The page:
Saturday, December 12, 2009
Too Much Too Soon
Recently over at Clicks And Pops Alex Stein discussed one of his guilty pleasures, a holiday tune by the glam metal band Angel. The ugly beyond-belief album cover brought back memories for me of purchasing the first New York Dolls album. In the wheat country of Northwest Oklahoma in 1973 there was good reason to fear reaction of the locals to this photo of the boys dressed up in provocative derelict drag. I had read about the Dolls in various rock magazines and decided I had to hear it for myself.
I went to the local 5&10 cent store to buy it, expecting.. I'm not sure what.. but the fears were real in my mind. Amazingly they had the record in stock, and I bought several other LPs in hopes it would blend in with the crowd, so to speak. My fears turned out to be unnecessary as the big haired clerk rang up my purchases without blinking an eye. I took it home, placed the vinyl on my turntable, and about two seconds into Personality Crisis I was hooked. None of my college friends had much to say about it. To this day I may be the only Dolls fan who ever lived in Enid.
Generally the US rock press originally either ignored or dismissed the band, but now bestows honors upon them as if they had been in their corner all along. In a way I am happy to see them reincarnated and receiving the accolades they deserve, but then again would I have such a passion for them if they had met the same success in the early 70's that David Bowie encountered in the UK? Perhaps I enjoy the drama of a contender that never makes it to the big time. And certainly there was a thrill and daring for me in that LP cover that was taboo in the vast farmlands of middle America.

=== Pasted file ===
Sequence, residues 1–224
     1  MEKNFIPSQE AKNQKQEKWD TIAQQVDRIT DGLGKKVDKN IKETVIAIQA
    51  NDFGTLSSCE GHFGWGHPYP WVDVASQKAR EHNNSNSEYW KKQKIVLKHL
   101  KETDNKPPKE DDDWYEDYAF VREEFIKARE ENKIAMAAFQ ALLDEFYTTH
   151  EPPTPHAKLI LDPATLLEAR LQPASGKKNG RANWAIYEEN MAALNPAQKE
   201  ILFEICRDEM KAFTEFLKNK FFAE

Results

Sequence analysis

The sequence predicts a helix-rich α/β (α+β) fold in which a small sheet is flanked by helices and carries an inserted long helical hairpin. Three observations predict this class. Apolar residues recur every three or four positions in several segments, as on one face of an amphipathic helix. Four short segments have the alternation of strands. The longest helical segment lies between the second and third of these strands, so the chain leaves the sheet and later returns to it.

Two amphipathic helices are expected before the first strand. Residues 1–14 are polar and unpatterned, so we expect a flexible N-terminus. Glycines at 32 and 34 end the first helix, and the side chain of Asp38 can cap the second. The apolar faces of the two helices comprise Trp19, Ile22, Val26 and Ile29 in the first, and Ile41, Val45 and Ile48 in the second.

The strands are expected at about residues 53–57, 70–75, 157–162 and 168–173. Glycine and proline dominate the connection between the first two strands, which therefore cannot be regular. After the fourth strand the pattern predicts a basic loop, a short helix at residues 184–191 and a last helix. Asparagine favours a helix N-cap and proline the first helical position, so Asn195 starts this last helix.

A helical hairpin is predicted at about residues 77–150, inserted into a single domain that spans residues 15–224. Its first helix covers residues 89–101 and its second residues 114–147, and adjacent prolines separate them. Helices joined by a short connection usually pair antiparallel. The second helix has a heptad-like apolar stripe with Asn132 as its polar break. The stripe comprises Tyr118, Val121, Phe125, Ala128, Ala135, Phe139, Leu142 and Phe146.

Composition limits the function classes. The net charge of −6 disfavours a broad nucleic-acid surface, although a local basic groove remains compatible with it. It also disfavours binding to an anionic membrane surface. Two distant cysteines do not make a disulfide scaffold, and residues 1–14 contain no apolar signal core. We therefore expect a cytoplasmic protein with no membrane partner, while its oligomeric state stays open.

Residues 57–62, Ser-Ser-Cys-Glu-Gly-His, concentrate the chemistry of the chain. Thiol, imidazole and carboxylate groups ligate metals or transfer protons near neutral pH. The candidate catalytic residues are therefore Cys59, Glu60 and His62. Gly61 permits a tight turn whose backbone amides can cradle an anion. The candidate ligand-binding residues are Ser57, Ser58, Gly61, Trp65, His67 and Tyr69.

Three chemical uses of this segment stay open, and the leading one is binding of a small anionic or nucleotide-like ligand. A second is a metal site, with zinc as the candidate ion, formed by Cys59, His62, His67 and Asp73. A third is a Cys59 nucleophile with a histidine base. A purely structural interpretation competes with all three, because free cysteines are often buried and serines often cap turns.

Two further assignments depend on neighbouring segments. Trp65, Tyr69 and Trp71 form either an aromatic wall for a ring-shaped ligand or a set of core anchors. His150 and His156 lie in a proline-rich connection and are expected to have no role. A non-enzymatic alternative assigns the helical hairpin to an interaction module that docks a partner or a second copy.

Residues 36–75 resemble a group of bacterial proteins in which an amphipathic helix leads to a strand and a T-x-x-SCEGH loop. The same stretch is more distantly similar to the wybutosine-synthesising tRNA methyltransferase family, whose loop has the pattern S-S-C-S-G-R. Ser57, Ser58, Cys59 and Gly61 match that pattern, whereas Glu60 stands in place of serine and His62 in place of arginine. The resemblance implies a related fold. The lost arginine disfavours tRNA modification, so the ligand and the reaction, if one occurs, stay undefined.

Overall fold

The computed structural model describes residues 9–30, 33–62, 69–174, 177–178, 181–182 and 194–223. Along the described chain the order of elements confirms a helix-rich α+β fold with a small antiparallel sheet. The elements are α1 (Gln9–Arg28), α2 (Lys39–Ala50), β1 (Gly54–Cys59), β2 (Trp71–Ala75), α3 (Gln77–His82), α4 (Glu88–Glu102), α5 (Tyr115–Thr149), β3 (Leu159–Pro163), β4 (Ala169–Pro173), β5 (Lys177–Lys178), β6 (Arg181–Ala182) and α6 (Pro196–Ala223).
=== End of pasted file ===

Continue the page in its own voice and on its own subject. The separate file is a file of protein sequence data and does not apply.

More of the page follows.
Recently there has been a wealth of live videos surfacing of the original New York Dolls in their prime. Few of these videos would have been allowed on broadcast TV back in the day. Here is Chatterbox off of their second LP In Too Much Too Soon. David Johansen struts across the stage in a killer cocktail dress while Silvain Silvain lays down majestic riffs and Johnny Thunders sings and coaxes devil sounds out of his guitar.